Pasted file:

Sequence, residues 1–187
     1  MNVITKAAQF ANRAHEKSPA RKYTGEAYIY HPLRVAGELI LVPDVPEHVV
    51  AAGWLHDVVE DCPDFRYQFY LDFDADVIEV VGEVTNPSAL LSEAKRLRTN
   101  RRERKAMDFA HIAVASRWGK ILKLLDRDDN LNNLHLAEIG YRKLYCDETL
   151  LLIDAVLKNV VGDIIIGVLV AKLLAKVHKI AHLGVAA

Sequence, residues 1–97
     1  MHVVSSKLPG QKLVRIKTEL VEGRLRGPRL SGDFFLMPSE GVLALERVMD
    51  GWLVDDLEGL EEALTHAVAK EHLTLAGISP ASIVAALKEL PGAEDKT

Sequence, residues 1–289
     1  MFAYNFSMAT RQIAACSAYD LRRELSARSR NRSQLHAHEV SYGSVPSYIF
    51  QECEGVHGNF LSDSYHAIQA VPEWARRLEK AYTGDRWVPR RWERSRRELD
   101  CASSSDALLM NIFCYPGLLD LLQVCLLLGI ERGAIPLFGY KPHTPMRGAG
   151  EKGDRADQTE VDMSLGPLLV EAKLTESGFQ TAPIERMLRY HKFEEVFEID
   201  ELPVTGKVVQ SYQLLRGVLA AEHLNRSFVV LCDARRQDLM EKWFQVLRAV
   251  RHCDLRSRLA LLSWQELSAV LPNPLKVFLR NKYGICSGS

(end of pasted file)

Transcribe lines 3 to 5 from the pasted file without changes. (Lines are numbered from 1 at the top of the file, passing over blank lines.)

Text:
    51  AAGWLHDVVE DCPDFRYQFY LDFDADVIEV VGEVTNPSAL LSEAKRLRTN
   101  RRERKAMDFA HIAVASRWGK ILKLLDRDDN LNNLHLAEIG YRKLYCDETL
   151  LLIDAVLKNV VGDIIIGVLV AKLLAKVHKI AHLGVAA